Written in 1959 in direct reaction to the Governor of Arkansas, Orval Faubus – who sent out the National Guard to prevent the integration of Little Rock Central High School by nine black teenagers – “Fables of Faubus” is the both one of bassist and jazz composer Charles Mingus’ most strikingly political songs, and testament to sweeping censorship enacted by white label bosses against their black musicians. Columbia Records refused to include the lyrics Mingus wrote for the song, forcing the classic album Mingus Ah Um to be released with only the instrumental version included. When the version of the song featuring call-and-response vocals by Mingus and drummer Dannie Richmond was finally released, it became apparent what the label bosses were so scared of: “Name me someone who’s ridiculous, Dannie / Governor Faubus! / Why is he so sick and ridiculous? / He won’t permit integrated schools / Then he’s a fool! Nazi fascist supremists!” They may have been silenced, but they weren’t wrong.

Strange Fruit – Nina Simone

Recorded originally in 1939 by Billie Holliday, this haunting ballad compares lynched African Americans to fruit on a tree, and in doing so declared war against the perpetrators of these pubic executions, and in effect began the civil rights movement in earnest. The words were written by Abel Meerpol, in reaction to the 1930 lynching of Thomas Shipp and Abram Smith. Equally iconic is Nina Simone’s cover of the song, released on her 1965 album Pastel Blues in the midst of the same movement. Simone’s incredible barritone gives the song the same twisted darkness of it’s subject matter, the moment when the instrumental falls to silence as Simone howls the line “strange and bitter crop” surely being one of the most shocking in modern music.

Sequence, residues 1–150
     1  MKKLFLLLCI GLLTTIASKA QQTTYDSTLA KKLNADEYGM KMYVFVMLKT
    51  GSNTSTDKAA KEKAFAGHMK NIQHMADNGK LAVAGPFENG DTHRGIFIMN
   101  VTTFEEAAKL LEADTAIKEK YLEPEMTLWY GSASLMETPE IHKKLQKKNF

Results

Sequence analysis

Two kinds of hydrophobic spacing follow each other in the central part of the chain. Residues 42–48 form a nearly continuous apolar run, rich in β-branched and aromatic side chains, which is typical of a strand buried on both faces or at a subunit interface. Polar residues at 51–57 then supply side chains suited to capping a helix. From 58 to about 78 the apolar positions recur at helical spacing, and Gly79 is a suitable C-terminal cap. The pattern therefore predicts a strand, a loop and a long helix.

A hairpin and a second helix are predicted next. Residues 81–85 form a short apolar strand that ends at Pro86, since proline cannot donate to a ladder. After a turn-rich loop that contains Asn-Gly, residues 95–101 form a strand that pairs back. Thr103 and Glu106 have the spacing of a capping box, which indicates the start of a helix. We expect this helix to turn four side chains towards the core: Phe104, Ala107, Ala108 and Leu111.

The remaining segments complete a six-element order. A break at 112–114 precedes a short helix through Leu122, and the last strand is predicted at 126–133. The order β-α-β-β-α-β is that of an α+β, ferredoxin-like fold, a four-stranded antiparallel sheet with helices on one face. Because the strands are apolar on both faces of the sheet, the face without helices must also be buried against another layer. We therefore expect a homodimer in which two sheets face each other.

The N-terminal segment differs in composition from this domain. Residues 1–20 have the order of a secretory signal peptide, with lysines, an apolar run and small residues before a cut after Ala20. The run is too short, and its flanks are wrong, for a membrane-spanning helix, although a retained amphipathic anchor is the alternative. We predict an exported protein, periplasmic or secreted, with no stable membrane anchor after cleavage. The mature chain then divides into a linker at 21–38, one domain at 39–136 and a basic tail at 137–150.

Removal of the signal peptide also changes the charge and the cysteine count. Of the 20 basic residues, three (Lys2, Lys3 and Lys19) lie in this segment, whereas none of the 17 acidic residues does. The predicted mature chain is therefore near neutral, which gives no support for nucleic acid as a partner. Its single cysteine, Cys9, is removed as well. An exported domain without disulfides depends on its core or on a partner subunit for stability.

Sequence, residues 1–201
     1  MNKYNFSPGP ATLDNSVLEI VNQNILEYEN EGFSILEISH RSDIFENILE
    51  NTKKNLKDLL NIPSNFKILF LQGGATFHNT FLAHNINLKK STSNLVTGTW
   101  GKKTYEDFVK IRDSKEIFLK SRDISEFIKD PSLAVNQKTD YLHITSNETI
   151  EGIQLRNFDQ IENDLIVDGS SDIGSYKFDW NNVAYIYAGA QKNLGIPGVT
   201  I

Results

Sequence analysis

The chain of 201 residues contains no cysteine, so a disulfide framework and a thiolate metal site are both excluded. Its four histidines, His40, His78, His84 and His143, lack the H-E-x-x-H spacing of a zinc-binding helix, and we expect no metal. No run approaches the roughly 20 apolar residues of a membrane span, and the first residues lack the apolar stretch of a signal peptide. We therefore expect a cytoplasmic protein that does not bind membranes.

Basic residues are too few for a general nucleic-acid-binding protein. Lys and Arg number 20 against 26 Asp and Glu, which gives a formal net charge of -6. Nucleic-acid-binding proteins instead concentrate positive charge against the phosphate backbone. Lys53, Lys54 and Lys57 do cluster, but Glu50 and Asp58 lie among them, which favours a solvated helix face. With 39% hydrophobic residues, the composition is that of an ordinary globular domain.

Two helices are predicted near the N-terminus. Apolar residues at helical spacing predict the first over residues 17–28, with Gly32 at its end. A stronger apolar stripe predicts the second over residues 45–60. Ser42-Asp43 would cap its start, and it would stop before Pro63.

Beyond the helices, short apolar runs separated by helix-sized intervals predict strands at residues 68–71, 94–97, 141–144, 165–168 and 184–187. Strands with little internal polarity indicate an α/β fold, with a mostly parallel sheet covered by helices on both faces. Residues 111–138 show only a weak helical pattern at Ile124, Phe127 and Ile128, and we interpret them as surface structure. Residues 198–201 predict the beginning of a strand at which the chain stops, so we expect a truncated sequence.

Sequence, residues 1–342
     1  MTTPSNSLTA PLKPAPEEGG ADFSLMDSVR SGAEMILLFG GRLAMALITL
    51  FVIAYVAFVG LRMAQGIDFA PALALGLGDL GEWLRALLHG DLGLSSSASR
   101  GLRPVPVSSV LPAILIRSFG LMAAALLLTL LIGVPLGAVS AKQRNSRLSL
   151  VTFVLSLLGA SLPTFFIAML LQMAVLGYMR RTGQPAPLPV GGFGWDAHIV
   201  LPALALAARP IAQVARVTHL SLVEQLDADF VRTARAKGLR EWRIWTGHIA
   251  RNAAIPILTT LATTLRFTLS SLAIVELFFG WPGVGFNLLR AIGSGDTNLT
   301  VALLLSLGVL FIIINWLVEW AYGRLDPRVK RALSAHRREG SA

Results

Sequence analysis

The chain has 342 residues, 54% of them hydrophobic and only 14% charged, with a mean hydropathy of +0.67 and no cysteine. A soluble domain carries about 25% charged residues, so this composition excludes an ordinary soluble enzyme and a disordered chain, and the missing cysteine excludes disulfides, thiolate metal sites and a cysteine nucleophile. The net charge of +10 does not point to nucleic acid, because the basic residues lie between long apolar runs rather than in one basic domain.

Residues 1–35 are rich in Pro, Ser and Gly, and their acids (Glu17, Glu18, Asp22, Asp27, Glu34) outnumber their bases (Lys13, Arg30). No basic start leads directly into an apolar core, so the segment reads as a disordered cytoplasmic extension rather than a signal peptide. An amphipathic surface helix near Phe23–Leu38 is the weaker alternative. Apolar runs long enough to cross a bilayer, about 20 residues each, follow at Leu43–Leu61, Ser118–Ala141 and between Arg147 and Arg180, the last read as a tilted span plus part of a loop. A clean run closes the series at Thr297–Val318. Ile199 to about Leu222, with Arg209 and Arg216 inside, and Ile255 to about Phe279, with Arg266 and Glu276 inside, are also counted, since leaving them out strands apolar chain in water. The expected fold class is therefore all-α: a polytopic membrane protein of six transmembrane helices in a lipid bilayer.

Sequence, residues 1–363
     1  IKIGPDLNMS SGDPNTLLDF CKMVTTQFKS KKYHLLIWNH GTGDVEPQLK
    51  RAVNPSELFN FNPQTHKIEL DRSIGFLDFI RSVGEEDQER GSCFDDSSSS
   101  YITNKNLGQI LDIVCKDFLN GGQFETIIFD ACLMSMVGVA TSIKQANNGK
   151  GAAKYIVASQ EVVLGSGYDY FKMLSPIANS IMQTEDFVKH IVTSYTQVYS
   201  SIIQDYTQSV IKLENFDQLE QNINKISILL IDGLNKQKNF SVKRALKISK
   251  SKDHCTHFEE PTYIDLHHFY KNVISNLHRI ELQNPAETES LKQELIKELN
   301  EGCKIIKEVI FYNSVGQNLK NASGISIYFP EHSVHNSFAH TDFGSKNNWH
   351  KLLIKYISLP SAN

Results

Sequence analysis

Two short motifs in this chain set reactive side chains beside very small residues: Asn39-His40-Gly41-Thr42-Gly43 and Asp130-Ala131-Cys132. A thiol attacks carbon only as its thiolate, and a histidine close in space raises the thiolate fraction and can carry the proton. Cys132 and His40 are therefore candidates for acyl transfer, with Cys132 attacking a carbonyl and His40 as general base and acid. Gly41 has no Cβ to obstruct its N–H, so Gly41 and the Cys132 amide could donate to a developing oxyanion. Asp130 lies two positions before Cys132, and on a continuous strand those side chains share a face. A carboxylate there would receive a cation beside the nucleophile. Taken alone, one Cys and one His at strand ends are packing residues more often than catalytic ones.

A Change Is Gonna Come – Sam Cooke

Blessed both with one of the finest voices of the original soul era and soaring string orchestration, “A Change Is Gonna Come” became emblematic of the entire Civil Rights era, taking all the nuance and division of the first post-war movement for the fight for equitable rights of black Americans and placing them in their plainest and most hopeful terms: “there have been times that I thought I couldn’t last for long / But now I think I’m able to carry on / It’s been a long, a long time coming / But I know a change is gonna come, oh yes it will”. Upon the election of the first black President, Barack Obama, in 2008, the song was played widely in the nation’s capital, however the failings of the President to create the manner of society Cooke sung of over half a century earlier show the extent to which racism is ingrained in every American system and institution.

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Continue reading “50 Songs for the Black Lives Matter Movement”

“How It Feels To Be Free”: Learning About Race Through Music

Like the Star Trek geek and the stamp collector, I’m often self-conscious about my obsession with music. I know that I’m far from the only one. Music is surely the most popular medium art comes in, and even though I know friends who could barely name a song, I don’t know anybody who doesn’t listen to music ever. But for me it’s most of what I do. I get bored attempting almost any task without it, it’s all I write about, read about, listen to podcasts about, and most of what I post on social media is about music. At times it leaves me worried; worried about looking like a hipster, worried about being a snob and nervous about the thought of boring people by ranting on about something I truly feel would improve their lives in the way the music I love enriches mine.